asked the Secretary of State for Scotland when he intends next to meet with the general council of the Scottish Trades Union Congress.
My right hon. Friend and I have met representatives of the Scottish Trades Union Congress several times since taking office and have made it clear that we are prepared to meet them at any time they wish.
In view of the recent statement by the general secretary of the STUC that he believes that his telephone has been tapped, will the Minister, when he next meets the STUC, give that body an assurance that not only has the telephone of the general secretary not been tapped but that the telephones of other members of the STUC have not been tapped illegally by security services personnel or anyone else? If the Minister cannot give the STUC that assurance, will he inform the House this afternoon what possible reasons there can be for tapping the telephones of hard-working, honest people who do their best for this country? Will he also state—[HON. MEMBERS: "Too long."] Will he also—[Interruption.]
Order. I do not want to tap the line of the hon. Gentleman, but his supplementary question was a bit long.
I have to inform the hon. Gentleman that that is a matter for my right hon. Friends and not for me.
In the light of the steel strike, what discussions has my hon. Friend had with the STUC about secondary and flying pickets against premises of companies engaged in the oil business? Is he aware that threats to these premises by secondary picketing now threaten very grave delays to important oil contracts? What estimate has he made of the latest situation?
My right hon. Friend and I have not discussed this particular matter with the STUC, but we have noted the points that my hon. Friend has made and, of course, we are monitoring in Scotland the full effects of the steel strike and, clearly, the damaging consequences that it is having for employment prospects in Scotland.
When he next meets the general secretary of the STUC, will the hon. Gentleman forget about secondary picketing and deal with a matter which has caused a great deal of concern in Scotland—the unemployment situation? Will he himself, as the so-called Minister responsible for industry, tell us what he intends to do, bearing in mind all his utterances when he was in opposition?
My right hon. Friend and I are doing a very great deal to try to alleviate Scotland's unemployment problems. I am sure, Mr. Speaker, that you would not like me to take up the time of the House now by listing the measures we are taking. We are fully aware of the very serious problem that we inherited from the Labour Government, and we are doing everything possible to try to make things easier for those who, unfortunately, find themselves unemployed at present.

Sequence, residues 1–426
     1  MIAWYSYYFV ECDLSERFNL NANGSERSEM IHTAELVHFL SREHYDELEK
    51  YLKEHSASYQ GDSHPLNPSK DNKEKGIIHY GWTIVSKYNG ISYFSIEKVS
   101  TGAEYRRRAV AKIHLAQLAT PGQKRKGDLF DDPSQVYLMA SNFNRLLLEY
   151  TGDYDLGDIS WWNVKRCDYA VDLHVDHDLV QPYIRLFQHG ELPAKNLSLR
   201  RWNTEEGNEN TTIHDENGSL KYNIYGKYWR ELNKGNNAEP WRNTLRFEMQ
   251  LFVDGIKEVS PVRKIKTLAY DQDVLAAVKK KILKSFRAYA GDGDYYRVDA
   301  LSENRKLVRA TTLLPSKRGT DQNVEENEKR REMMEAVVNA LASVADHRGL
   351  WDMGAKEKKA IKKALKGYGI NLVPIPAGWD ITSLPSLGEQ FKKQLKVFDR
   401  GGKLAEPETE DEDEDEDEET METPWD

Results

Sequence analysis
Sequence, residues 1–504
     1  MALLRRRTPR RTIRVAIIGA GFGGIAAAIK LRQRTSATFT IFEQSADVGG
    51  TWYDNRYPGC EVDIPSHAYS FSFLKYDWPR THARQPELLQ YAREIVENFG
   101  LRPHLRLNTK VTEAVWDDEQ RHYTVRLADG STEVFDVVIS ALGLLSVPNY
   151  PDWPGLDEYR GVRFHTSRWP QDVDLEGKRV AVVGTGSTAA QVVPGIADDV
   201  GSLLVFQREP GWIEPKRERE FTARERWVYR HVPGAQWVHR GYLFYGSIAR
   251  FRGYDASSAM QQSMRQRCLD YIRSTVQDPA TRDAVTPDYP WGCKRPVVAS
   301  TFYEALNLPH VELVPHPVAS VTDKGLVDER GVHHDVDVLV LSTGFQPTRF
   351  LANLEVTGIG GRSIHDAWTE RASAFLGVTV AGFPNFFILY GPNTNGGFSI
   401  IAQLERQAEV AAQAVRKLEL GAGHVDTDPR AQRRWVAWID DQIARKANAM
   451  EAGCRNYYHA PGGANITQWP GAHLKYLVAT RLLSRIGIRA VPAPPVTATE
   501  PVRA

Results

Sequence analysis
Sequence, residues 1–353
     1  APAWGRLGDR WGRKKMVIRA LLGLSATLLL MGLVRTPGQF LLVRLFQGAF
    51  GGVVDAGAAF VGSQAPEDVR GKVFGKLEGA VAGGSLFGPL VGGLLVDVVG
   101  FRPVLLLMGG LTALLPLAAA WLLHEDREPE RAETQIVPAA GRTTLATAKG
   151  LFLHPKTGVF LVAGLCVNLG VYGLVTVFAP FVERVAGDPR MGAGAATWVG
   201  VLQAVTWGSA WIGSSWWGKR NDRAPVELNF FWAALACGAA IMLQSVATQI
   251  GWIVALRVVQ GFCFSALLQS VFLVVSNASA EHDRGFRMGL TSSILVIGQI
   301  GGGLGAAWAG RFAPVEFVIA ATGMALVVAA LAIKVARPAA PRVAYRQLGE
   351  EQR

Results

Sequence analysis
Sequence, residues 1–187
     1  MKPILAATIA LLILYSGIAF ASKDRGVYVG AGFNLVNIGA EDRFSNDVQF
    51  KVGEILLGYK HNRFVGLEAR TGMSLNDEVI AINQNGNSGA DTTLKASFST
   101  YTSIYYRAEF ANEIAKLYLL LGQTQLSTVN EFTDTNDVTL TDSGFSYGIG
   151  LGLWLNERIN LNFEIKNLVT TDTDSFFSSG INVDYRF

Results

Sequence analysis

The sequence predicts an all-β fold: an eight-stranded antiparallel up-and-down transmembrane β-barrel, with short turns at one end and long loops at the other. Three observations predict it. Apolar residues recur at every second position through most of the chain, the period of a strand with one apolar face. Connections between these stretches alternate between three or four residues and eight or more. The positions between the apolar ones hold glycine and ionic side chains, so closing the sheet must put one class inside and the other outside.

When meeting the STUC next, will the Minister take on board the pressing comments made by the CBI in Scotland about the state of the economy? After the meeting with the STUC, will he go back to the Chancellor of the Exchequer and tell him plainly that he is engaged on a disastrous course which will increase unemployment in Scotland to well above the 200,000 mark which we have now reached?
I can only repudiate the hon. Gentleman's very tortuous question and the points that he tries to make.
When my hon. Friend meets the STUC, will he draw to its attention the decision in the High Court yesterday that the political levy may now be paid to the Conservative Party as well as to the Labour Party, thus enabling those many thousands of trade unionists who voted Conservative now to contribute?
Like my hon. Friend, I shall be delighted if those trade unionists who vote Conservative in very great numbers, and in increasing numbers, now find that they are able to contribute to the Conservative Party's finances.
If the Minister is so concerned about what he describes as the damaging effects that the steel strike is having in Scotland, why does he think that the Secretary of State for Industry and the Prime Minister deliberately provoked the strike?
That is an extremely childish comment, coming from a member of the previous Government, who managed to double unemployment in Scotland during their term.